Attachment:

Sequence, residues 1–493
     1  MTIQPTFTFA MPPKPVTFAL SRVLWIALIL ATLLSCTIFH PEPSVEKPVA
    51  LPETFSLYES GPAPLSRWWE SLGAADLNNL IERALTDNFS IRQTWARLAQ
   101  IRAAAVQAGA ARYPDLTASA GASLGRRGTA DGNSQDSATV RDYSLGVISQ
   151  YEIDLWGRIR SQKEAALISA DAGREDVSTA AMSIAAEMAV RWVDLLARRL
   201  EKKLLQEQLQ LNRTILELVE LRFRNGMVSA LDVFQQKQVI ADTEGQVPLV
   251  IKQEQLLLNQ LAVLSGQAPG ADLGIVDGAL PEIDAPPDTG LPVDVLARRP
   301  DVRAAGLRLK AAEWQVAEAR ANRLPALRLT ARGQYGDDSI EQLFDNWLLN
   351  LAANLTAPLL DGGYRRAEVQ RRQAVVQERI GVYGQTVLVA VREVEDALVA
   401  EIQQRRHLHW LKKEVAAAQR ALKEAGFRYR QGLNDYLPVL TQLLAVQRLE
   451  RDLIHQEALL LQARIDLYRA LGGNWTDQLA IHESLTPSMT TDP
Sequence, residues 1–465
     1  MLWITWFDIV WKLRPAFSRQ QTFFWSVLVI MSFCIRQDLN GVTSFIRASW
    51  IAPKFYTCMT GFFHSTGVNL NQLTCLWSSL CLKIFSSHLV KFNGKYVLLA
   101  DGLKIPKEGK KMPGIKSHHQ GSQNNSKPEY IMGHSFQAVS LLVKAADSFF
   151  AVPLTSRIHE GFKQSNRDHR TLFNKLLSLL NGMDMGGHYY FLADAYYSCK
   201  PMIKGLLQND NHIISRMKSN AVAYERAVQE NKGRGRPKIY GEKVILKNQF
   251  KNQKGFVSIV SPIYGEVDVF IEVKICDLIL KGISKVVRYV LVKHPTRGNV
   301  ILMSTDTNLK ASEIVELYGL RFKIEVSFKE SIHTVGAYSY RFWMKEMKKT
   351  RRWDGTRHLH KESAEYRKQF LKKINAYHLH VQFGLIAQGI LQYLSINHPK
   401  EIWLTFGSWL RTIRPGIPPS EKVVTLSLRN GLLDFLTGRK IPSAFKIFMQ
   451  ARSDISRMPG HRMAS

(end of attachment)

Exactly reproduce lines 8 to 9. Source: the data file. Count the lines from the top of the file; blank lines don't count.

   301  DVRAAGLRLK AAEWQVAEAR ANRLPALRLT ARGQYGDDSI EQLFDNWLLN
   351  LAANLTAPLL DGGYRRAEVQ RRQAVVQERI GVYGQTVLVA VREVEDALVA